While I sit down in my chair.
The blaze of the fire lights his face
As he politely sips the tea.
For the first time, his blade-like teeth
Are visible to me.

He smiles in contentment
And poises himself to speak,
This will be a long night—
Already I’m tired, shocked, and weak.
“I’ve come tonight on my weekly rounds
From the mount they call ‘Baphomet,’
In hopes that I would find you here
For an evening we won’t forget.”

“Well I was not expecting you, sir,
On this moonlit night.”
My tone is meek and mild
And my voice is filled with fright.
“I visit when I’m most unwelcome—
It gives me a rush of power.
I am here to see you now, my dear,
But won’t stay longer than an hour.”

He is just so nonchalant,
While I can barely speak.
Yet, somehow I manage:
“I can’t believe it’s already been a week.”
“Neither can I, but darling,
How my hunger grows and grows.
I long for the taste of humans,
Which is something I think you know.”

“Yes, but I was not anticipating
This would happen to me.
It is hardly fair at all,
I’m a good girl, can’t you see?”
“Ahh, my child, yes,
And so many of the innocent do weep.
But I’m afraid it cannot be helped—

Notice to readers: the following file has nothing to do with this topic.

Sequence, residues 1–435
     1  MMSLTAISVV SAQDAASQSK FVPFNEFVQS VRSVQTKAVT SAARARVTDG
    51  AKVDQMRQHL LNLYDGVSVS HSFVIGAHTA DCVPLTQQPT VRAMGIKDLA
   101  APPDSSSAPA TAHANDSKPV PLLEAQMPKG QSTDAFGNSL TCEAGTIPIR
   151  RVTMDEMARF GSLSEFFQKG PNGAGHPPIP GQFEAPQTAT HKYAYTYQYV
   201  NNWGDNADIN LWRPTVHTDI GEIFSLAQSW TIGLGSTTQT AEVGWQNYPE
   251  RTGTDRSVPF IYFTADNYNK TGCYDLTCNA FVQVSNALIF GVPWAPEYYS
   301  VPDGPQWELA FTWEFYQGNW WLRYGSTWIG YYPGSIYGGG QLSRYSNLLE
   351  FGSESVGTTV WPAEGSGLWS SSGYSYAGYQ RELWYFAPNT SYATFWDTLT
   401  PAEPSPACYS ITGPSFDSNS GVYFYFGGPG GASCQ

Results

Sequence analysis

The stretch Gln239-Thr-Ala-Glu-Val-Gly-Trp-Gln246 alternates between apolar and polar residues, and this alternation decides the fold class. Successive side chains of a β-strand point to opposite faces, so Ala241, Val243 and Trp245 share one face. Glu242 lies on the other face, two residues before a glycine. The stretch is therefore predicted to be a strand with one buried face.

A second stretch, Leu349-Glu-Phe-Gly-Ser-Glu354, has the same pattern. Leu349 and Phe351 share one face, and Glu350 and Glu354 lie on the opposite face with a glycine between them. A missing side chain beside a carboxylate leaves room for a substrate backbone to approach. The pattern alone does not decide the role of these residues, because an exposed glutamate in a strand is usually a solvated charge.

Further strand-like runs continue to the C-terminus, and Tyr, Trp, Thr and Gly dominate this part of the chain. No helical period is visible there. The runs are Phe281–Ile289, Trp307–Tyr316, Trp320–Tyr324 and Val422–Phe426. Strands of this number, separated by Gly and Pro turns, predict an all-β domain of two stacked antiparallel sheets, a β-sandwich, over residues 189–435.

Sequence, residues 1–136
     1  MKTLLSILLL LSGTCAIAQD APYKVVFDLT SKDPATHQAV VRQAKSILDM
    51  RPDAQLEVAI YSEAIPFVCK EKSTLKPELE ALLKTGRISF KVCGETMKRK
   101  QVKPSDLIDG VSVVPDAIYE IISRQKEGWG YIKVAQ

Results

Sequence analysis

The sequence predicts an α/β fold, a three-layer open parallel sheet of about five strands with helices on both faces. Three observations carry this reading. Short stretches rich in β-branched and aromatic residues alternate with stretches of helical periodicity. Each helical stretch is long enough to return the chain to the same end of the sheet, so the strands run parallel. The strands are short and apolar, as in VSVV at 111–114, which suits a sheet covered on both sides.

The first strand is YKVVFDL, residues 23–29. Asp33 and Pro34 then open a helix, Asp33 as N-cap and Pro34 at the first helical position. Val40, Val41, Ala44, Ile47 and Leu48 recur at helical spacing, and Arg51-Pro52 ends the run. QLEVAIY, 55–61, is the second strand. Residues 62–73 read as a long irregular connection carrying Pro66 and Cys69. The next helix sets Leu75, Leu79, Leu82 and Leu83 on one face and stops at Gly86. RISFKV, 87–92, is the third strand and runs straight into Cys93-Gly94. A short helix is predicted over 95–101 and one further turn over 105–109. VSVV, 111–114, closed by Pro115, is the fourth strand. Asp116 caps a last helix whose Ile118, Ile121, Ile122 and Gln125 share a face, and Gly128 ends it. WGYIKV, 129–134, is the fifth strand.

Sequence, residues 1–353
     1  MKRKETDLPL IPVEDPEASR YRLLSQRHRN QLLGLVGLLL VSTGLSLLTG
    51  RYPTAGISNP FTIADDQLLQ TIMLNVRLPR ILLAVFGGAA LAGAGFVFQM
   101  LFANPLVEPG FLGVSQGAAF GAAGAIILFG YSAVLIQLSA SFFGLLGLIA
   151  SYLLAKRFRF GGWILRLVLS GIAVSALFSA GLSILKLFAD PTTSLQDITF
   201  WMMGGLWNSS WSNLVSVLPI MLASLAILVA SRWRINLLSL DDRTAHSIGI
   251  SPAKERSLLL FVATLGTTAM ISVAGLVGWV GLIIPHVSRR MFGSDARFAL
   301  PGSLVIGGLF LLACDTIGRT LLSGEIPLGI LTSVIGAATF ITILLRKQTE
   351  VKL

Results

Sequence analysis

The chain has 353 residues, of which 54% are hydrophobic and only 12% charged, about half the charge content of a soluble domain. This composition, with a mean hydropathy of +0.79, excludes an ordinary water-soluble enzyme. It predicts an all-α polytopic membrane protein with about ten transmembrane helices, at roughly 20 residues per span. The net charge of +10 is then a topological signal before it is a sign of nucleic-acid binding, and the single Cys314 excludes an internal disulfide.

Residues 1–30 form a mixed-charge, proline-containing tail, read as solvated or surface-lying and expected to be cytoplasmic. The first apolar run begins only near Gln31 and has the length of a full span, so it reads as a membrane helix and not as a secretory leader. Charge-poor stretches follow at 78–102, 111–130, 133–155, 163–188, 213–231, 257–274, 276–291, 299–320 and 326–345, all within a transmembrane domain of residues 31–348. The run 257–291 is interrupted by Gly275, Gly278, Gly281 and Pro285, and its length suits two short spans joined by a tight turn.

You are mine and mine to keep.”

With a shrill bark of laughter
He rears back his monstrous head,
I wish that I had listened more
To all the things they said.
Oh, my dearest friends and family
Who have truly believed indeed…
What a fool I am,
How could I ever have been so mean?

“I hope that when you do it, sir,
At least you’ll do it quick.
I am crestfallen at the thought
And think I might be sick.”
“Perhaps if you had not been
Such a bad little girl when younger,
I would not be here right now
My dear Beatrice Unger.”

“Beatrice, who?” I blurt,
“Why, kind sir, that is not my name.
And I always was a good little girl—
I can say it with no shame!”
Suddenly he stands
And looks down deep into my eyes.
“Then I have the wrong person,” he states,
“Well, surprise, surprise!”

Confusion grows within my head
And I feel a chill so cold,
I rise up, too, and stare
Into the face of this beast of old.
“I must be on my way then,” he says,
“It was nice of us to chat.
Thank you truly for the tea,
And madam, that will be that.”

I am stricken with relief
Nearly falling to the floor,
But I gather up my senses
And show this Goatman to the door.
“I believe now!” I shout after him
At the very top of my throat,
And with a tip of his hat and a wave of his hand
He is gone, that old Man-Goat.

"When the Goatman Comes," copyright 2021 Amelia Cotter (first published in Lost in the Witching Hour, 2014)

No comments:

Post a Comment